Bioanalysis Zone

Rapid point-of-care Zika test developed ahead of Olympic Games


Scientists from the University of Pennsylvania (PA, USA) have developed a new instrument-free, portable test for Zika virus. The point-of-care test delivers rapid diagnosis – within 40 mins – and costs only US$2 per test. The team hope that the diagnostic will aid disease monitoring and control, particularly in light of the upcoming Olympic Games in Rio de Janeiro, Brazil, where Zika virus has been widely reported.

The WHO has recently announced that there is no need to postpone the Olympic Games in Rio due to the presence of Zika virus, a decision that has been contested by some public health experts. Meanwhile, scientists continue to work on diagnostic tests that can rapidly and reliably detect the virus.

Previous low-cost diagnostic tests have been reported as unable to detect low levels of the disease, or incapable of distinguishing between Zika and similar viruses, such as dengue. The new diagnostic test, published in Analytical Chemistry, addresses this shortfall. The test is designed to offer rapid, low-cost and reliable detection.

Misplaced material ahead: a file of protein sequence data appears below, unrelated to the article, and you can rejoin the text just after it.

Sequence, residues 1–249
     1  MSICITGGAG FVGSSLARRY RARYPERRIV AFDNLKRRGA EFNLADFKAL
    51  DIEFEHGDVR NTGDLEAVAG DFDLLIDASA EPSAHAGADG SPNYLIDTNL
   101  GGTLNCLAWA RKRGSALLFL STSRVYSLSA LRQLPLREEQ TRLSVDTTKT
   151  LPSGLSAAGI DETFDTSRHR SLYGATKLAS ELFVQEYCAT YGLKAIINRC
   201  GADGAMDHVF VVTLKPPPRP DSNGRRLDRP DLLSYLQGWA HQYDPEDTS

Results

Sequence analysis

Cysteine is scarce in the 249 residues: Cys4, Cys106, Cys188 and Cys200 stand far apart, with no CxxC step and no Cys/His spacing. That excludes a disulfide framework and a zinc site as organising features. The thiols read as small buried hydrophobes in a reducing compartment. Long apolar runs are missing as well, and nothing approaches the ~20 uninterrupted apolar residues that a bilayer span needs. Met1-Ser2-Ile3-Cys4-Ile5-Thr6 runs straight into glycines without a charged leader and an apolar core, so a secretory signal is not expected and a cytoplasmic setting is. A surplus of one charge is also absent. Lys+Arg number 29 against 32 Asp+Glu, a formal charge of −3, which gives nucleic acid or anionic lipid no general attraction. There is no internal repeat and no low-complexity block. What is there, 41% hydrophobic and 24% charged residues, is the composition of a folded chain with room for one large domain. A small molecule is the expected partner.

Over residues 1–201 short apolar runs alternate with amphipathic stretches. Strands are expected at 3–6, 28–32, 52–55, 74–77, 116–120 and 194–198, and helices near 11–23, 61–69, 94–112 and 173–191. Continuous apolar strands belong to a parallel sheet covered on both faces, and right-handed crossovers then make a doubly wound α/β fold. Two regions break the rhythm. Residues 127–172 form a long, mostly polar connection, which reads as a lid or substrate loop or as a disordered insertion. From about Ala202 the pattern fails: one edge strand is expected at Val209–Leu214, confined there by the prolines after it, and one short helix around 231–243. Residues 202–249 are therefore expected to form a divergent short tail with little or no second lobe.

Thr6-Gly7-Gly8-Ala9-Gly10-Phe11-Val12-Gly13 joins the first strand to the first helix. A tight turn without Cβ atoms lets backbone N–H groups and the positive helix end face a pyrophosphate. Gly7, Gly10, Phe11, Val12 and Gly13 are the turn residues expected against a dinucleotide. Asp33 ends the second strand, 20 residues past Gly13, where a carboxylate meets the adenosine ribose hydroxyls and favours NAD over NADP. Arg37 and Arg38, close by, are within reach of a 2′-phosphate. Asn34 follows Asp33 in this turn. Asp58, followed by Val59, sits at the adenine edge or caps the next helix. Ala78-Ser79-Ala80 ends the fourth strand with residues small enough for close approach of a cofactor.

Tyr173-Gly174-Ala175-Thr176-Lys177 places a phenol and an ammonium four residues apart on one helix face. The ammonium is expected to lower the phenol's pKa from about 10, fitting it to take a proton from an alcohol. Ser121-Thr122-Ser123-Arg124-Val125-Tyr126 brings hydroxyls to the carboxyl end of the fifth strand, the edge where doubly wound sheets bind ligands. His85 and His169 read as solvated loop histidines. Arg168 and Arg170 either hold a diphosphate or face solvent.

The researchers identified a stretch of genetic code that is almost identical in 19 different strains of Zika present in the Americas, but not in other pathogens. By targeting this genetic region, the team developed the new diagnostic system, which requires only the addition of water to operate.

The diagnostic costs only US$2 per test, and returns a result within 40 mins. It tests saliva samples, and if the Zika-specific genetic region is detected, a dye in the system will turn blue. The team state that the test will function even with only low levels of the virus present.

The researchers hope that the test could provide the sought-after rapid point-of-care diagnoses required in the wake of the Zika epidemic. They highlight that it would be of particular use in resource-poor settings.

Sources: Song J, Mauk MG, Hackett BA, Cherry S, Bau HH, Liu C. Instrument-free point-of-care molecular detection of Zika virus. Anal. Chem. doi:10.1021/acs.analchem.6b01632 (2016) (Epub ahead of print);


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